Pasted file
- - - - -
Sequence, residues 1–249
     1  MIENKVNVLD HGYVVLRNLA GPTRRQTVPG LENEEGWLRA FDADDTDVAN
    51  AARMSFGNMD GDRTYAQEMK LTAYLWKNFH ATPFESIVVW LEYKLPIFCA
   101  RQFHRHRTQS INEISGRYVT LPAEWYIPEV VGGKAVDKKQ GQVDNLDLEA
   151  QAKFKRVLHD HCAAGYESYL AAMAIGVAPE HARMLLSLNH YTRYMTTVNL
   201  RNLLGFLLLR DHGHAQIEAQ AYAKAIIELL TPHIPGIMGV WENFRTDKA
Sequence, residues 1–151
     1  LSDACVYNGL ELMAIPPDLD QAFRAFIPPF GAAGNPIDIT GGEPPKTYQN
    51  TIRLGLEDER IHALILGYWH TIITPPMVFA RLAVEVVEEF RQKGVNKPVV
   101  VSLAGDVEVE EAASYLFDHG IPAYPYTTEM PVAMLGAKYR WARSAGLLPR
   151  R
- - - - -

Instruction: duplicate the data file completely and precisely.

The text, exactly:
Sequence, residues 1–249
     1  MIENKVNVLD HGYVVLRNLA GPTRRQTVPG LENEEGWLRA FDADDTDVAN
    51  AARMSFGNMD GDRTYAQEMK LTAYLWKNFH ATPFESIVVW LEYKLPIFCA
   101  RQFHRHRTQS INEISGRYVT LPAEWYIPEV VGGKAVDKKQ GQVDNLDLEA
   151  QAKFKRVLHD HCAAGYESYL AAMAIGVAPE HARMLLSLNH YTRYMTTVNL
   201  RNLLGFLLLR DHGHAQIEAQ AYAKAIIELL TPHIPGIMGV WENFRTDKA
Sequence, residues 1–151
     1  LSDACVYNGL ELMAIPPDLD QAFRAFIPPF GAAGNPIDIT GGEPPKTYQN
    51  TIRLGLEDER IHALILGYWH TIITPPMVFA RLAVEVVEEF RQKGVNKPVV
   101  VSLAGDVEVE EAASYLFDHG IPAYPYTTEM PVAMLGAKYR WARSAGLLPR
   151  R